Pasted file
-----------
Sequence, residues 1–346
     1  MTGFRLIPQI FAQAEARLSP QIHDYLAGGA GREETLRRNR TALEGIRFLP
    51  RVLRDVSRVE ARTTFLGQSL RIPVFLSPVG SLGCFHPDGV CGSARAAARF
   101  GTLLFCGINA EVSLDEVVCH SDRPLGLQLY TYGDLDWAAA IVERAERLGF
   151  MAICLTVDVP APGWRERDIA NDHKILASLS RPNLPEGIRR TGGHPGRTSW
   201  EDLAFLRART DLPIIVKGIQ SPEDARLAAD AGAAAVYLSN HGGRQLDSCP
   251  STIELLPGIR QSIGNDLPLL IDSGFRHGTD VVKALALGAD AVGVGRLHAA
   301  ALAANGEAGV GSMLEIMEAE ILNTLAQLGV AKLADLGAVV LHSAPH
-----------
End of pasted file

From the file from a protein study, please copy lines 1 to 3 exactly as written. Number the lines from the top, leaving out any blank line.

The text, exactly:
Sequence, residues 1–346
     1  MTGFRLIPQI FAQAEARLSP QIHDYLAGGA GREETLRRNR TALEGIRFLP
    51  RVLRDVSRVE ARTTFLGQSL RIPVFLSPVG SLGCFHPDGV CGSARAAARF